Over the last month, life has been very busy. Between dealing with the things that go along with a family and kids and getting a much needed vacation in northern Wisconsin, there wasn't really much time for documenting what's been going on.
Here's a TLDR:
- I added 2 MUX modules using a pair of 74HC138's which control the input and output of the registers; these each have a display of LED's and a 74HC14. (additionally 2 signals are displayed using a NAND as in inverter.
- I added a flag's register that writes to the bus as register 3 on the mux, and has it's own reset signal that is XOR'd with the main reset signal when written two on 3 (any value). Having the XOR package then gave me 3 more XOR gates, I use in the place of traditional OR gates to glue some of the control lines together in situations where a single pulse on one or the other control lies is assured.
- rebuilt the clock module, fixing very silly design mistakes, I also tightened up my reset circuit by using a 555 timer the main slow clock is still built on an inverter tree but the reality of trying to optimize something that should not exist reared it's ugly head so for simplicity sake I went with a very jelly bean 555 reset circuit using a spare inverter.
- added some glue logic to fix some signaling issues brought on by using dissimilar outputs together on a common signal line (I know this is a bad Idea now... I figured it out the hard way).
- added RS232 and a traditional serial port which is driven by the soft uart in the micro-controller
- re-wrote some of the ALU logic to include a carry out bit on the flags register whenever a shift operation is going to overflow, this required removing and re-programming all three chips.
- started and finished a "helper" ATTINY88 Micro-controller that acts as:
- a very tiny stack
- a soft uart
- a few 16 bit static registers I think i will need
- a machine language monitor.
- this chip only provides these functions, and will not do any computation; aside from the stack pointer management (add and subtract 1)
- set up a bus transceiver and select logic to allow the micro-controller to read and write to the bus using its 8 bit wide port, and reside on the bus in tri-state when not active.
- I drew up a vintage looking block diagram of what (generally) the finished CPU will look like.
This was all done in 1-2 hour spurts in my afternoons and during baby naps on my days off from work.
First off, Lets address the monkey in the room:
The attiny88, and what it is doing in a discrete logic CPU build. I thought this over a ton.... The ALU and its support registers + the control logic for the whole CPU is 8 modules (not counting the two side boards for serial and power.) The program counter, address bus management module, and the step counter module along with the state-machine(s) for the rest of the opcodes, not to mention the 32k of ram I am adding is most likely going to (I would like it to) fit on another 8 modules. I could add a discrete UART chip and a clock to control it but this is 2022. We have tiny micros that can be programmed for single task activities to do the same thing in much much less space. Why not use them? the way this micro is programmed it can not do anything save manage the UART, run the monitor and load the registers and ram. The computation will still be done on the CPU itself. There's a little space left over in the micro so I added some register capabilities to shuffle some data around and make the serial interface far easier to use. All of these functions would require more complexity and considerably more time / energy / resources to build. When I set out to build something based off a old chip, I never made it a goal to keep the design language free from modern conveniences, and having a micro-controller to test the data-path at speed is worth wile to me, and so I keep it. So thats that, I guess if that "wreaks" the design aesthetic for you, hopefully I can turn you around to my way of thinking via results later on.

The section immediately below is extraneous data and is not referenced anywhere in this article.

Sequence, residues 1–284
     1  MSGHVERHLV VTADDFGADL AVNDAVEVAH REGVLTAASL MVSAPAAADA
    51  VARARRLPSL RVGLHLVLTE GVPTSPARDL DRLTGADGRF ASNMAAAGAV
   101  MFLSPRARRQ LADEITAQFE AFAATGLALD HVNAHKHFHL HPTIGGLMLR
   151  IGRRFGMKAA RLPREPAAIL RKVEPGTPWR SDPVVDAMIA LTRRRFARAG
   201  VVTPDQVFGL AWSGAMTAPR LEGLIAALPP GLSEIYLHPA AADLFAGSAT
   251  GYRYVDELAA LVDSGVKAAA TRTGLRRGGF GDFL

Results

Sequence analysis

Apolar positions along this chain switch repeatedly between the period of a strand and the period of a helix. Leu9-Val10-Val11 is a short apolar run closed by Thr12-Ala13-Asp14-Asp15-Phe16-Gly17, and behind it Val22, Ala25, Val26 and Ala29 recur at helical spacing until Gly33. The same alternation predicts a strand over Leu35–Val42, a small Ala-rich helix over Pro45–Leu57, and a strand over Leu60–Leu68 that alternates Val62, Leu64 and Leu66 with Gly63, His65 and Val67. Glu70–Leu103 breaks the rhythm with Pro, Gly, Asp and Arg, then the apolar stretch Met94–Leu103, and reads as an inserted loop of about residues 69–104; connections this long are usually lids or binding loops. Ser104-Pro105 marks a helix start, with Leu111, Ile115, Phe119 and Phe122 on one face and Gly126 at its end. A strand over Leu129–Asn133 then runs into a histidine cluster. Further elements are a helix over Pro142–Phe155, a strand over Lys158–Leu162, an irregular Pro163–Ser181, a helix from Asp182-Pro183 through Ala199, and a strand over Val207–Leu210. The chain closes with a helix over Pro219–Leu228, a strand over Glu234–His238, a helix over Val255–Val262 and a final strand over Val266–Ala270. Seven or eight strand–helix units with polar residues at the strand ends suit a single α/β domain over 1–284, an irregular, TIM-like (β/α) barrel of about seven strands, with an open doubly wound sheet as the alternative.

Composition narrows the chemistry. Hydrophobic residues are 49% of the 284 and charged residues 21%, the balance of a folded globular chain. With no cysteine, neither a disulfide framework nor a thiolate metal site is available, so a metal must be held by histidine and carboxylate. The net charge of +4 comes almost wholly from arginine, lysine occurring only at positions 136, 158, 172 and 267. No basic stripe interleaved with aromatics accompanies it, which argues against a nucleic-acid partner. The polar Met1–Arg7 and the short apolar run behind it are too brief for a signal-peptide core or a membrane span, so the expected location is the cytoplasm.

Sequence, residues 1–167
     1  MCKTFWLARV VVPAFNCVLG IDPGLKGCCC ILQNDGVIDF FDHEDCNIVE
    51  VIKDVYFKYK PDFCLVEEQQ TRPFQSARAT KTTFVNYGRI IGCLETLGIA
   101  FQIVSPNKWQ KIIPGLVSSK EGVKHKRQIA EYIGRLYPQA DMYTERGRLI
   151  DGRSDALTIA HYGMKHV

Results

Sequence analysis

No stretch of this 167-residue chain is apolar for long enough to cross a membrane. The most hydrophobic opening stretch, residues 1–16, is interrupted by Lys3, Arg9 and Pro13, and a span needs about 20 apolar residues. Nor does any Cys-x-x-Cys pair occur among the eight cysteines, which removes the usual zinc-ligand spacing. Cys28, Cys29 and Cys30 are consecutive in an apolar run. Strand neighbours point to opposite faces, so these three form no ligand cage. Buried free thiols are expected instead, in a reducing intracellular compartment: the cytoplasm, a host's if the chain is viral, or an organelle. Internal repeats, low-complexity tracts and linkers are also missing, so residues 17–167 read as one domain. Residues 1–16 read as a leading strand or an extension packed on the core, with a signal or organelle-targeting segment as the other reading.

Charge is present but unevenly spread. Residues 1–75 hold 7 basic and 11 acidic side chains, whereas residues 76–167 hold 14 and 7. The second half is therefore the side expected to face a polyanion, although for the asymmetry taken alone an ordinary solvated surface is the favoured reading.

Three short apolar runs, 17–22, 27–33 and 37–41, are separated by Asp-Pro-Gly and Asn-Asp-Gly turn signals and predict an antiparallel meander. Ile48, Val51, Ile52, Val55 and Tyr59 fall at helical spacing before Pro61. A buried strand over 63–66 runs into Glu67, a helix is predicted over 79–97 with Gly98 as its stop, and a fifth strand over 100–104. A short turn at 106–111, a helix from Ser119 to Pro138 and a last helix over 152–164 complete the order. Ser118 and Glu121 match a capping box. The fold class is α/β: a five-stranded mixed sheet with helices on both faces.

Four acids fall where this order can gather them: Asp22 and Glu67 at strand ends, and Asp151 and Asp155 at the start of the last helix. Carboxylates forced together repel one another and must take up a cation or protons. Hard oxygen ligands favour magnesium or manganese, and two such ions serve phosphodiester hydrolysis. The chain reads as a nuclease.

The memory map of the internal "register space" for the MCU is:
- Byte 0 - 00- Future use 8 byte static register
- Bytes 1 - 50 - Stack space, when in this space the register behaves like a stack
- example: if you set the stack counter to 1, and write to it 1 = the data, the stack counter will roll up to the next available space.
- example: if you read from a byte in this range, the counter will decrement by one and the value in the space will zero out.
- Bytes 51 - 52 - 16 bit HL register, behaves exactly like a static 16 byte register, and the pointer must be moved manually to access the register cell.
- Bytes 53 - 54- Jump Register will be used by the microcode state, machine to store / reference the location of the next jump.
- bytes 55 - 56- return register, this space is used by the microcode state machine to store / reference the return address.
- bytes 57 - 59- UART values : 57 - outputs this value next write to terminal action, 58 - next available incoming ascii value or null, 59 - character ready = 1 if yes 0 if no.
This memory range is accessed by referencing register 4, and the stack pointer is read and referenced at register 7. The control unit may use some spare control lines on the MCU to quickly change the stack pointer before address bus reads and writes to make addressable jumps work better, but that has yet to be decided. As it stands I have 4 unused GPIO's on the MCU so there is room to add features if needed.
Additionally the MH-ET dev boards that I am using have a 6 pin ISP port for programming, and powering the build for quick testing. These little things though a bit dated, and sporting a practically useless micro-USB port due to basically non-existent modern OS Driver support, actually are supported by Arduino under Tiny Core. And can be programmed using a mini USB programmer like a USBTinyASP programmer. All of this means I can work on the firmware without popping the chip out to re-program it. This has made programming the firmware substantially easy, even more so than programming the EEPROMS for the ALU.
Clock and reset module enhancements:
The previous design for a reset line driver involving a Schmidt trigger inverter and an RC junction + a Zener diode for some sort of brownout / voltage drop detection, was basically for a lack of a better description poorly thought out. Though this worked through the onset there were massive issues with noise, bread board capacitance. If I had found the issues and done a better job sorting out the other problems with the build of the module Vs. the actual schematics I believe I would have had a much better time with it... but from the onset the Zener was never going to work as I had envisioned.